One of our main features here on Endure will be profiles of athletes that are just normal, everyday people. For our very first athlete, I am honored to present to you Robin Coyle of Tulsa, Oklahoma. Perhaps one of the nicest people in the world, Robin embodies everything that Endure stands for.
Robin is 50 years old and works as an RN in the cardiac floor of a local hospital. She is married to an Oklahoma State Trooper and has a twenty-nine year old daughter and a sixteen-year-old stepson. Having been an endurance athlete for over twenty-five years, Robin has an impressive race resume that includes: one full Ironman triathlon, two half Ironman triathlons, thirteen marathons, and many other half marathons, running races, and sprint triathlons. Professionally, Robin is dedicated to taking care of and serving other people. Her running and triathlon motivations are no different.
Writing about Robin and spreading her story is a difficult task because I do not believe that I can fully capture her gracious personality and heart with words on a screen. Twenty-five years ago, Robin started running with short runs around her neighborhood. She enjoyed running, and gradually began to run longer and more often. She wasn’t motivated to race until she found a cause that she could run for. That came in the form of the inaugural Oklahoma City Memorial Marathon. To this day, the sole purpose of this race is to raise money for the Oklahoma City National Memorial and Monument, which honors the victims of the tragic bombing of the Alfred P. Murrah Federal Building on April 19, 1995. Robin ran that race to help raise money for a cause, and it is still her fastest marathon to date. After that, she ran many other shorter races, took a short break from running, and started running marathons again about ten years ago. A stress fracture in her leg led her to swimming, which eventually led to cycling and triathlons. This whole journey culminated in a full Ironman triathlon last fall (for those that are unaware, a full Ironman is 2.4 miles of swimming, 112 miles of cycling, and 26.2 miles of running for 140.6 total miles).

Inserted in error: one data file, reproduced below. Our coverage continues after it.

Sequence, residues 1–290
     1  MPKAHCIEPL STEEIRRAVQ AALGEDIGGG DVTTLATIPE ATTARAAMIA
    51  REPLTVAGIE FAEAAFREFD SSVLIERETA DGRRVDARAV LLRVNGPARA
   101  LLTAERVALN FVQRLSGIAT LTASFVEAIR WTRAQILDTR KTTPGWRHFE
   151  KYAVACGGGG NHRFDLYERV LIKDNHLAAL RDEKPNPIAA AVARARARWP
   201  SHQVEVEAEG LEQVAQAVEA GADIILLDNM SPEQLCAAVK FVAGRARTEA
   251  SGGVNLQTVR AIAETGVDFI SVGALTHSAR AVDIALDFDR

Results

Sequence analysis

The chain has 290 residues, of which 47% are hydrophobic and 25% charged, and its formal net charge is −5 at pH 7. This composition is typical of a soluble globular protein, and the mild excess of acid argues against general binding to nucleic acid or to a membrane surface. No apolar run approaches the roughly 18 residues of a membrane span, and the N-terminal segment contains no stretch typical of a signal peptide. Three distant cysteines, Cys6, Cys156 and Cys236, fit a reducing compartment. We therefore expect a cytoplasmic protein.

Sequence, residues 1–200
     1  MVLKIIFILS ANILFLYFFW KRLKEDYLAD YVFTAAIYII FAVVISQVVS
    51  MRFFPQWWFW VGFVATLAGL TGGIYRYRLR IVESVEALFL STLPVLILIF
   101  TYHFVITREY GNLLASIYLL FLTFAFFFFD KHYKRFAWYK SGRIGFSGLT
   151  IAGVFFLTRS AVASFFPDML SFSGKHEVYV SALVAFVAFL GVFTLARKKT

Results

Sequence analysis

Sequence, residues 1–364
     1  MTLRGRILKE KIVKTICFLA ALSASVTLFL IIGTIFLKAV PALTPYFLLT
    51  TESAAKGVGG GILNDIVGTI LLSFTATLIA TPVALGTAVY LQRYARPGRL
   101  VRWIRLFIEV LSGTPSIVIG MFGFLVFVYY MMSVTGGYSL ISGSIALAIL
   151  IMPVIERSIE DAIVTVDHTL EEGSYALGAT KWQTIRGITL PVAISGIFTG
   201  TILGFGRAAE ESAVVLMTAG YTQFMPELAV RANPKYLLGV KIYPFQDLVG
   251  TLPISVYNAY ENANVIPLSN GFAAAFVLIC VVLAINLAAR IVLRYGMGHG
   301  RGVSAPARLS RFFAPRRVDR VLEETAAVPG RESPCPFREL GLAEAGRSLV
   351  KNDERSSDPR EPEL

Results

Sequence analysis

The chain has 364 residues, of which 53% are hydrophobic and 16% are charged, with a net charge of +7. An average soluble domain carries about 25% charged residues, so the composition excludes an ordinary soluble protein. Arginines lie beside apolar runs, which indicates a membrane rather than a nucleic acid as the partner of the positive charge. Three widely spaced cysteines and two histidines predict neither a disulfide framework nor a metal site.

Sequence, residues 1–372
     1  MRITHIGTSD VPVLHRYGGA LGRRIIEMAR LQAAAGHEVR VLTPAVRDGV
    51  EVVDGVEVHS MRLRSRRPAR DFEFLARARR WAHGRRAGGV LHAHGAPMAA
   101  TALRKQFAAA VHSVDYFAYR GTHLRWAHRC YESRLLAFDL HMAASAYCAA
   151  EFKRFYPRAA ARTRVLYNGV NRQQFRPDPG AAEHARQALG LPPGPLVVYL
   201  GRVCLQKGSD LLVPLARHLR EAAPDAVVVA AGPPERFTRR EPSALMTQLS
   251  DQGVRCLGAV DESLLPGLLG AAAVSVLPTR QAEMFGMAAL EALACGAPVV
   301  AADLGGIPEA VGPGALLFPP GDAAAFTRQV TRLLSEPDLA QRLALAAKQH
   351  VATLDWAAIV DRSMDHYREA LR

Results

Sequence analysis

Purpose fuels Robin’s training and racing, and she does not believe that she could be an athlete without the motivation to help others. She raced her Ironman for the Crohn’s and Colitis Foundation under Team Challenge, raising $9,000 for the Oklahoma Chapter of the foundation. Robin’s daughter, who is diagnosed with Crohn’s Disease, was the honoree for the OK Chapter. Her motivation to endure the early mornings and intense balance of training, work, and family commitments was the hope that she could play her part in curing those who suffer as her daughter does with digestive diseases.
Since her Ironman, Robin has dedicated herself to helping empower women by encouraging them to become better versions of themselves through running and fitness. She is happy with her accomplishments and wants other to feel the same way. Every Tuesday and Thursday morning, Robin hosts a group run for ladies of all fitness and ability levels. She always pushes everyone and never leaves anyone behind or makes them feel like they are not good enough to belong to her group. In true Robin fashion, she continually jokes with her lady runners and is willing to lend an ear if someone just needs to talk. Throughout our interview, she frequently stressed that the people she can help and the community of athletes is what keeps her feet moving one in front of the other, year after year.
In addition to her service to others, Robin takes great pride in being the wife of an Oklahoma State Trooper. She is incredibly proud of her husband and how he protects and serves the citizens of Oklahoma. Every time her husband is working, she prays that he, and the rest of the law enforcement community, can return home safe. Robin is also an active member of the OHP Spouse’s Association, where she helps maintain a community of support among the wives of other state troopers.
Robin’s advice for those balancing training with spouses and children is to make sure that they are on board with what you are doing. She stresses that communication amongst the entire family is key, and that they must all understand how large a time commitment training and racing will be. Holding your end of the bargain as an athlete means that you must be willing to think ahead and adjust your schedule to help balance responsibilities. Lastly, she emphasizes the power of being present. If this means that you have to ride the trainer or run on the treadmill around your children to complete a workout, then that is what you must do.
Robin’s main lesson is as follows:
“Above all, you must have fun in what you are doing. I pray that whoever crosses the finish line is a better, more confident person because of it.”
Robin Coyle endures the grind for the benefit of others. She is a role model for ladies and gentlemen of all ages, and someone that is doing her best to make the world a better place.
Until next time…
Endure the Grind!